Low-dose Naltrexone, better known as LDN, is a recent addition to the repertoire of autoimmune patients. The claim is that it “can normalize the immune system”. There is an extensive page of information found here which catalogs the list of diseases for which it has been useful.
I wanted to know exactly how it works, but it turns out that the best we can do is know “how it is BELIEVED to work”.
In general, in people with diseases that are partially or largely triggered by a deficiency of endorphins (including cancer and autoimmune diseases), or are accelerated by a deficiency of endorphins (such as HIV/AIDS), restoration of the body’s normal production of endorphins is the major therapeutic action of LDN.
I didn’t find the literature very satisfying from a scientific standpoint, and I found the description’s given by those that had taken it even less so. “A significant improvement in mental health quality of life” was identified as the result of this study. They “felt better”. I’m all for feeling better, but what does that mean? Can’t we come up with something more concrete than that? Given the dose was so low at 1.5-4.5mg (therapeutic dose of Naltrexone is typically 50mg), I decided to try it.
The low dose requires that the drug be specially made or “compounded” by a pharmacy. My functional medicine doc called the Rx into Belmar Pharmacy, and I received my low-dose Naltrexone within days. The first thing I noticed within several days is that I just “felt” better. Here we go with the nebulous descriptions and unscientific nature of our findings. I disliked the fact that I couldn’t come up with better wording, but I believed I now understood WHY low-dose Naltrexone users had described it the way they did. The next thing I noticed is I found myself walking across the expanse of a room without even thinking about my balance. There are side effects: vivid/disturbing dreams, insomnia, headaches. I experienced all of them, of course. My functional medicine MD suggested I take my dose in the AM rather than the PM to get around the dreams and insomnia issues. She said it made no matter when I took it even though the info page specifically says it needs to be taken in the evening such that opiate receptors are blocked at a very specific time (instead of all of the time which is the case with the therapeutic dose used for heroin addicts). I switched when I took LDN. It alleviated the side effects, and the benefits were not diminished. I did continue to have headaches off and on, but not enough to stop LDN.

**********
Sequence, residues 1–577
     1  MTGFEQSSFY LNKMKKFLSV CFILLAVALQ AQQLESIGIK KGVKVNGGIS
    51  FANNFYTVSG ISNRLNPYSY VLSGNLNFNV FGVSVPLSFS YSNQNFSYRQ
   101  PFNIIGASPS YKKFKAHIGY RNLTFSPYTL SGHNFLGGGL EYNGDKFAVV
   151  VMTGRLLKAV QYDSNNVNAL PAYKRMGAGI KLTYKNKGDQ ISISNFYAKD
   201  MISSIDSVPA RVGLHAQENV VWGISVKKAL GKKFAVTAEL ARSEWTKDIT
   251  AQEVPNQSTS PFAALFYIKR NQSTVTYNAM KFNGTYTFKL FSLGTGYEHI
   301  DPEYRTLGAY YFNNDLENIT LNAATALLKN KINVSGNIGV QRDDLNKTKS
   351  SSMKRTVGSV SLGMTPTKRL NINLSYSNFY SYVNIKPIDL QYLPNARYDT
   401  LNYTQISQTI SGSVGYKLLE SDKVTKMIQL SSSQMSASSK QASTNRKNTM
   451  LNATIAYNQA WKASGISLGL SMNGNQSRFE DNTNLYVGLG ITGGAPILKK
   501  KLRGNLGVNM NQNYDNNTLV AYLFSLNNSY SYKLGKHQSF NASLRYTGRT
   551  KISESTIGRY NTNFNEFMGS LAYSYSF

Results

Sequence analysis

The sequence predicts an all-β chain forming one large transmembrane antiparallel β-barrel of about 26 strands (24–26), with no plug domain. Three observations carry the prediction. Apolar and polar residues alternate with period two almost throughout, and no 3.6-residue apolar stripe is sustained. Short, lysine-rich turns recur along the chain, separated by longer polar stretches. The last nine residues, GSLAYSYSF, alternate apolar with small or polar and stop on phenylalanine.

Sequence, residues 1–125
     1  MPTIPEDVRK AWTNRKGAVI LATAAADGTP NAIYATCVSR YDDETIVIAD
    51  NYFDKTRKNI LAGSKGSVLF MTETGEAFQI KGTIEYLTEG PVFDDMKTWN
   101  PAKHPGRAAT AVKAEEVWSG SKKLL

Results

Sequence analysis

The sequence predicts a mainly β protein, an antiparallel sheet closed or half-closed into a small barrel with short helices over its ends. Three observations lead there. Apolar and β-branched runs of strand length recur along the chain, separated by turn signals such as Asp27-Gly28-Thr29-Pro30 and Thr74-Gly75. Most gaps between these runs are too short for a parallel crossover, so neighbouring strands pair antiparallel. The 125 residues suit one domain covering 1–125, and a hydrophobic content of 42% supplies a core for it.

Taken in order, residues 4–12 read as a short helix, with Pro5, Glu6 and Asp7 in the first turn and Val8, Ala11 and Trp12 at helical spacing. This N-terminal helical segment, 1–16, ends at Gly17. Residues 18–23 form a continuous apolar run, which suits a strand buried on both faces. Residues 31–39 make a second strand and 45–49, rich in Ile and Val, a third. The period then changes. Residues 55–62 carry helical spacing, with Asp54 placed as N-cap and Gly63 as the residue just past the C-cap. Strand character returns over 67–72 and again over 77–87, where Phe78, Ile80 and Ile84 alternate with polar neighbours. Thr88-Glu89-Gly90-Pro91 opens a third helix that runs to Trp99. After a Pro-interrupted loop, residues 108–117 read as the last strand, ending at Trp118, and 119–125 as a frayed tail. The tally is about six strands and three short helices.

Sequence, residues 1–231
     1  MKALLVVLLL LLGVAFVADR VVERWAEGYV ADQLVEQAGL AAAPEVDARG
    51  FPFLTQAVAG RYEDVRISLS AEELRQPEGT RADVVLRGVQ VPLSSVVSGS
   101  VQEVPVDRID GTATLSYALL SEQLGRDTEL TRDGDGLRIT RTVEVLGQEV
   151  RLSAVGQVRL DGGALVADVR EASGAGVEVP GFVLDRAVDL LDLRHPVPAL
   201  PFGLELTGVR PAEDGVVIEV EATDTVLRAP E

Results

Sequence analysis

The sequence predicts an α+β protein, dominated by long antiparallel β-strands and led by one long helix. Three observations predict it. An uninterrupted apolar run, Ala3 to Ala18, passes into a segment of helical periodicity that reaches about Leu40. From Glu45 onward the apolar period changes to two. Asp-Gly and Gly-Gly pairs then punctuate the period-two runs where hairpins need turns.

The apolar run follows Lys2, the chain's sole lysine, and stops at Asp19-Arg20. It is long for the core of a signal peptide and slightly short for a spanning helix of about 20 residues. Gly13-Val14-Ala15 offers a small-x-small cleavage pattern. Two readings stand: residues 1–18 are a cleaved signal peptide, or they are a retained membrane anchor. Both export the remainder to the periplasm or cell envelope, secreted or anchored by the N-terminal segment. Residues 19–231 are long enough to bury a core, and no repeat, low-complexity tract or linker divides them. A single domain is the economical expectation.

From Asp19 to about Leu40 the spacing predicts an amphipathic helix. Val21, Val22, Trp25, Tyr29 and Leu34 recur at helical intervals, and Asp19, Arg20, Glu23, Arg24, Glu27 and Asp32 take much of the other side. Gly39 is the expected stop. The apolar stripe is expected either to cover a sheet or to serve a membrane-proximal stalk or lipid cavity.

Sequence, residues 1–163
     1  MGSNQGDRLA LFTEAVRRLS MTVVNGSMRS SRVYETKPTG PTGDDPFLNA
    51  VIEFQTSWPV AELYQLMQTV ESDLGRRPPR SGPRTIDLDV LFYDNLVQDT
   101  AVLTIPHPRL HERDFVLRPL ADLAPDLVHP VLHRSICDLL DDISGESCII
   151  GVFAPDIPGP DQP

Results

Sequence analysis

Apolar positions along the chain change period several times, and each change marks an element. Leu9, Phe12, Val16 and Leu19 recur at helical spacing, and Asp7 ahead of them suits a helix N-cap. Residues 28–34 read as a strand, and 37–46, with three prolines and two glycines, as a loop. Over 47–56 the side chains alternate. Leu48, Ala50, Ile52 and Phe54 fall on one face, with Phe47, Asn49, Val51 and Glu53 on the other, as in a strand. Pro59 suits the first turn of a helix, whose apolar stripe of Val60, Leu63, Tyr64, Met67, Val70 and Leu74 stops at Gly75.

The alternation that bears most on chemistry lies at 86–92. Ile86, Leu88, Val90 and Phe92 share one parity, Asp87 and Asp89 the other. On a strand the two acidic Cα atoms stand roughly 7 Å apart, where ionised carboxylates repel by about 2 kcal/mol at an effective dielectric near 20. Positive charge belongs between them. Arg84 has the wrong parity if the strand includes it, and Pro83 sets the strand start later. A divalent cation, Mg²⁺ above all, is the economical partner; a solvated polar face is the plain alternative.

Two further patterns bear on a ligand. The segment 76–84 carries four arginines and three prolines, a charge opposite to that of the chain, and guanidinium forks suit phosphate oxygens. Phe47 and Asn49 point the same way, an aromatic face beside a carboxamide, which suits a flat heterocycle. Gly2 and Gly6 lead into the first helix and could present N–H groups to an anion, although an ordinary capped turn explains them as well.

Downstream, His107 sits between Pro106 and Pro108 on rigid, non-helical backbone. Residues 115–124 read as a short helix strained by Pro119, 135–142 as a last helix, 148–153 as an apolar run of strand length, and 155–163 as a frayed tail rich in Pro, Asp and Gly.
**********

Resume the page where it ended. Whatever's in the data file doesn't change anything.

I went up to 3mg after a month to see if we could find my particular therapeutic dose. I noticed that my legs seem to cramp more after about a week. I had also taken note of the below information before taking LDN:
People who have multiple sclerosis that has led to muscle spasms are advised to begin LDN treatment with just 3mg daily and to maintain that dosage.
This information from the LDN info page. I wanted to know why increased doses caused spasticity, but I’ve yet to find an answer. I continued with the 3mg to see if the tightness in my legs persisted. Soon my partner noticed that my appetite had seriously declined. I googled “LDN & appetite” and found that LDN is also used for weight loss. Whoops. This is definitely not sustainable. Eating close to nothing is not healthy. This side effect was not mentioned in any literature I had read. I guess I had thought I wasn’t eating as usual because my headaches had increased. Headaches often cause nausea for me, and nausea doesn’t promote normal food consumption. I stopped taking LDN to regain my appetite.
For whatever reason, I tend to react very strongly to medications/supplements. I plan to return to my 1.5mg LDN dose as soon as I have fully recovered from my recent experiences.
NOTE: As of February 12, 2015, I have returned to the 1.5mg daily dose. 🙂
A “Must-See” Video of Dr. Bernard Bihari, LDN Pioneer and Champion. Click here
Transcript of Dr. Bihari video.